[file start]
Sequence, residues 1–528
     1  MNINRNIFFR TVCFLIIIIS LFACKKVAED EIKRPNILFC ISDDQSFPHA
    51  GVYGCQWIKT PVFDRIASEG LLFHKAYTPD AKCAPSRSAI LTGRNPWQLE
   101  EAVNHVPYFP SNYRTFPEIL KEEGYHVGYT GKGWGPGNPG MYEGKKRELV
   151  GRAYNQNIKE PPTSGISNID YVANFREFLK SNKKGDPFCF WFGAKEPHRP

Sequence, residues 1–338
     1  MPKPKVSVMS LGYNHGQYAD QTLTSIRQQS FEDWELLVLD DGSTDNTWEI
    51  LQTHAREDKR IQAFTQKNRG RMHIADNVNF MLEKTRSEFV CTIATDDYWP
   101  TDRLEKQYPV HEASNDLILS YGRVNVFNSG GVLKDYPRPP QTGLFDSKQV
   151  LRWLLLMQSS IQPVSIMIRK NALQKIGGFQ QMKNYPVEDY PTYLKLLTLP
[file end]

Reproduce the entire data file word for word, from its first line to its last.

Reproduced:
Sequence, residues 1–528
     1  MNINRNIFFR TVCFLIIIIS LFACKKVAED EIKRPNILFC ISDDQSFPHA
    51  GVYGCQWIKT PVFDRIASEG LLFHKAYTPD AKCAPSRSAI LTGRNPWQLE
   101  EAVNHVPYFP SNYRTFPEIL KEEGYHVGYT GKGWGPGNPG MYEGKKRELV
   151  GRAYNQNIKE PPTSGISNID YVANFREFLK SNKKGDPFCF WFGAKEPHRP

Sequence, residues 1–338
     1  MPKPKVSVMS LGYNHGQYAD QTLTSIRQQS FEDWELLVLD DGSTDNTWEI
    51  LQTHAREDKR IQAFTQKNRG RMHIADNVNF MLEKTRSEFV CTIATDDYWP
   101  TDRLEKQYPV HEASNDLILS YGRVNVFNSG GVLKDYPRPP QTGLFDSKQV
   151  LRWLLLMQSS IQPVSIMIRK NALQKIGGFQ QMKNYPVEDY PTYLKLLTLP